Obama to huddle with Internet CEOs


President Obama will meet Friday afternoon with a group of Internet CEOs, amid growing concerns voiced by some of Silicon Valley's biggest names over government surveillance.

National Security Council spokeswoman Caitlin Hayden said the president’s meeting would be a continuation of the president’s dialogue with technology companies “on the issues of privacy, technology and intelligence.” 


The meeting comes a week before the March 28 deadline that Obama gave Attorney General Eric HolderEric Himpton HolderGOP group launches redistricting site Legal challenges to stay-at-home orders gain momentum Census delay threatens to roil redistricting MORE and other top administration officials to present options for reforming the National Security Agency’s bulk collection of telephone metadata.

Last week, Facebook CEO Mark Zuckerberg, who will be at the meeting, revealed in a blog post that he had called Obama personally to complain about government surveillance.

Zuckerberg said he called the president "to express my frustration over the damage the government is creating for all of our future."

"Unfortunately, it seems like it will take a very long time for true full reform," he wrote, adding that government spying posed a “threat” to the Internet.

“When our engineers work tirelessly to improve security, we imagine we're protecting you against criminals, not our own government,” Zuckerberg wrote, adding that revelations about NSA spying programs had left him “confused and frustrated.”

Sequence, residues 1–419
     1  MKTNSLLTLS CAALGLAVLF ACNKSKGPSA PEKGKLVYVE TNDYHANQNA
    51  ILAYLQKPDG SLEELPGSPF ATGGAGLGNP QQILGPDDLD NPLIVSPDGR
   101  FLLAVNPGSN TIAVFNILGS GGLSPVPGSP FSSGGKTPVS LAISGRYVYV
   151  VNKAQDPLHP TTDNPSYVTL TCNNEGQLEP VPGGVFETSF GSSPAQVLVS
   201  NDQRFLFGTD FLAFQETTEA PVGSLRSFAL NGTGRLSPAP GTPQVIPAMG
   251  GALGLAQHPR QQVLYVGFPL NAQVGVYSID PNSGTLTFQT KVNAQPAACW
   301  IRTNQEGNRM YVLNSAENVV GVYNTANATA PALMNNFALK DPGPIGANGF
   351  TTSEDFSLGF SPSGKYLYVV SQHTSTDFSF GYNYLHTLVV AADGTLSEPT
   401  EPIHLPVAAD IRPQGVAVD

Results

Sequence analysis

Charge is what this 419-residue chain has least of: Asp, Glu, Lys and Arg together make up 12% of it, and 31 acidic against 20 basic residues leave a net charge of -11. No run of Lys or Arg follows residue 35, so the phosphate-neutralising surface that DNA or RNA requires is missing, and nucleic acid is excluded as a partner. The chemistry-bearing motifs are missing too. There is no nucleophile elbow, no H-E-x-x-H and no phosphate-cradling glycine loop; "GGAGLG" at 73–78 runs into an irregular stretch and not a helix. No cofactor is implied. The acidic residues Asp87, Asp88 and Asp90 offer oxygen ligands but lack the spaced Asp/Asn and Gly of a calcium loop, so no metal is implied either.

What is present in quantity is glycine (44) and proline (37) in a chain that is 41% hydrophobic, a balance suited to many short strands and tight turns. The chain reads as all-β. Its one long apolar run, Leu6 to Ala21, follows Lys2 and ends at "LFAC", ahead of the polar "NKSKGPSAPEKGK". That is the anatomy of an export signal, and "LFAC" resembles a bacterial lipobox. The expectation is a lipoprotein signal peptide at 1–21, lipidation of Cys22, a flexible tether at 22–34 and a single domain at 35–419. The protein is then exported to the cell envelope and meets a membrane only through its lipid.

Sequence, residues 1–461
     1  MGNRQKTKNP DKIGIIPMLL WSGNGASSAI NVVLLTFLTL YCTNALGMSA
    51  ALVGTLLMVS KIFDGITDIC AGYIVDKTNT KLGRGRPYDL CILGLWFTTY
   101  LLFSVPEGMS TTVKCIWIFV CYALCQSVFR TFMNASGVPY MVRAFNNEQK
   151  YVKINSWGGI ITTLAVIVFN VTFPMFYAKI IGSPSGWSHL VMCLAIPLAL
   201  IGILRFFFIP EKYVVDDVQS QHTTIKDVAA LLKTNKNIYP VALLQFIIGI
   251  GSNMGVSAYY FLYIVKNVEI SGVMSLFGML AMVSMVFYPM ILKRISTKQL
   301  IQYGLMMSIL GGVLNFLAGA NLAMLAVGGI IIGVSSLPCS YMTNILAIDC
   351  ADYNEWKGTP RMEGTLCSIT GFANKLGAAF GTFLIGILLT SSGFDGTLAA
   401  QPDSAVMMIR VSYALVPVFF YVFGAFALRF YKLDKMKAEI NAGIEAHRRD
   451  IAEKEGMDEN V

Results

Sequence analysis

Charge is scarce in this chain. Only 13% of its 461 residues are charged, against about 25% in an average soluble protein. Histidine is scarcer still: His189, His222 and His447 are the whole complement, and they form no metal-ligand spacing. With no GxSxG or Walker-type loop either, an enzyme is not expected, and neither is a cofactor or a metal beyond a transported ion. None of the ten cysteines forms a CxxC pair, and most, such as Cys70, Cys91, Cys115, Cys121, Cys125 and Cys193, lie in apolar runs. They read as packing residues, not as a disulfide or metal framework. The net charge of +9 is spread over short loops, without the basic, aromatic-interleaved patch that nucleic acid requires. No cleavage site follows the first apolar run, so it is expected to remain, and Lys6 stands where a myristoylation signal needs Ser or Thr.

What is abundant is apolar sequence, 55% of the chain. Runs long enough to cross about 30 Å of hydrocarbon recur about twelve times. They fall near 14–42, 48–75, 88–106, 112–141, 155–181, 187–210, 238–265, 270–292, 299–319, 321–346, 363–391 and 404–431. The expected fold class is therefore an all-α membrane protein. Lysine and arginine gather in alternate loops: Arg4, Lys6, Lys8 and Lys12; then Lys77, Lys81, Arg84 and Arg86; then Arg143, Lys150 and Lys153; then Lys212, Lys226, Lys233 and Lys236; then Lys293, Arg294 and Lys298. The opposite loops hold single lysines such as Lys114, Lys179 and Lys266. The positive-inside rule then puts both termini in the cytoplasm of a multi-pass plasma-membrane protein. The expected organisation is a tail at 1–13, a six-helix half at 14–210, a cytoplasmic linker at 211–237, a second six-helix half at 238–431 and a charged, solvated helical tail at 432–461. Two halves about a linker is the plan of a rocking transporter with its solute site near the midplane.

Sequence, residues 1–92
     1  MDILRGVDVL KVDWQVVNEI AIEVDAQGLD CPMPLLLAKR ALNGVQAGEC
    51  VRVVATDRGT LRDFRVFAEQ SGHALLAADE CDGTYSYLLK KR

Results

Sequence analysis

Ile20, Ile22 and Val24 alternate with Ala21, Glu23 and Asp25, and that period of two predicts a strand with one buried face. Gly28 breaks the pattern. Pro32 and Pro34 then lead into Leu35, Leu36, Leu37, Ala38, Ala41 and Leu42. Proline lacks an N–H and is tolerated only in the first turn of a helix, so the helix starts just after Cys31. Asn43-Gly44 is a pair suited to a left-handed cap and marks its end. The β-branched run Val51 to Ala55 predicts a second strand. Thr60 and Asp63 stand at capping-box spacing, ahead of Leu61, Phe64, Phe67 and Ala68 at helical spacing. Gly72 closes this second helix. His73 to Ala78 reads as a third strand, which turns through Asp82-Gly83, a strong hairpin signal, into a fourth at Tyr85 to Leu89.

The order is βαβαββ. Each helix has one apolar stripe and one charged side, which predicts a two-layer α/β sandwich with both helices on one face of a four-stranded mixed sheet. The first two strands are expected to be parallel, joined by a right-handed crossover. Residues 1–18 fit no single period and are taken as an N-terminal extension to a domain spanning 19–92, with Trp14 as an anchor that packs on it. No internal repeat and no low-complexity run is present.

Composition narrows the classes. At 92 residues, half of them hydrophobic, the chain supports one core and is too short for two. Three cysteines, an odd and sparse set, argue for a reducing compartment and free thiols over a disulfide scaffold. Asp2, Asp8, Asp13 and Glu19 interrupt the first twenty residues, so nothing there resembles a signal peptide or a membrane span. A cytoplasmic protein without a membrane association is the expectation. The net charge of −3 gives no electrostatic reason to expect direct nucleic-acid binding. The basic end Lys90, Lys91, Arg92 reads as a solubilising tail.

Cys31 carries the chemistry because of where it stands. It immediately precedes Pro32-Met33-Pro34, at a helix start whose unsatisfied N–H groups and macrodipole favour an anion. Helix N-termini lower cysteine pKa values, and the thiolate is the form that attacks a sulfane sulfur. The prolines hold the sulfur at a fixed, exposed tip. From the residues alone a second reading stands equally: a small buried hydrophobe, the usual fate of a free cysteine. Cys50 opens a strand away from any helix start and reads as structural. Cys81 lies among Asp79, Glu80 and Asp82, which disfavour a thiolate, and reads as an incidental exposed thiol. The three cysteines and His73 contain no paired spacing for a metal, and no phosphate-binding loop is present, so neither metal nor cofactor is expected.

“The US government should be the champion for the Internet, not a threat. They need to be much more transparent about what they're doing, or otherwise people will believe the worst.”

At a press conference on Wednesday, Holder told reporters that the Justice Department was on track to present the president with its proposal to change the government’s metadata collection program. In a January speech, Obama tasked his attorney general with finding a way to wind down the government program without harming intelligence capabilities.

But how to accomplish that goal remains an open task. A report prepared by a presidential review panel last month suggested that the records be maintained by telephone companies or a third party. But companies have been resistant to that idea, fearful it could sour their relationships with customers and prove expensive.

NSA Director Gen. Keith Alexander suggested in a speech last month that the government was ahead of schedule in presenting options to the president, saying “ideas” would hit the president’s desk before the end of February. 

It’s possible the president will preview for tech executives how he plans to act during the meeting on Friday. Ahead of Obama's speech on NSA reforms in January, the White House briefed a variety of stakeholders on the president’s proposed actions.

Google Executive Chairman Eric Schmidt will be among the executives in attendance. Schmidt was a major donor to Democrats in 2012 and has been involved with the launch of Organizing for Action, the political advocacy group born out of the president's reelection campaign.

A representative for AOL said CEO Tim Armstrong was invited to the meeting, but was unable to attend due to a scheduling conflict.

"But he is in direct communication with the White House and looks forward to the dialogue on this important issue," said AOL spokeswoman Caroline Campbell.

Reed Hastings of Netflix, Drew Houston of Dropbox, Alexander Karp of Palantir and Aaron Levie of Box were also expected to attend. 

— Kate Tummarello contributed to this post. This post was updated at 3:07 p.m.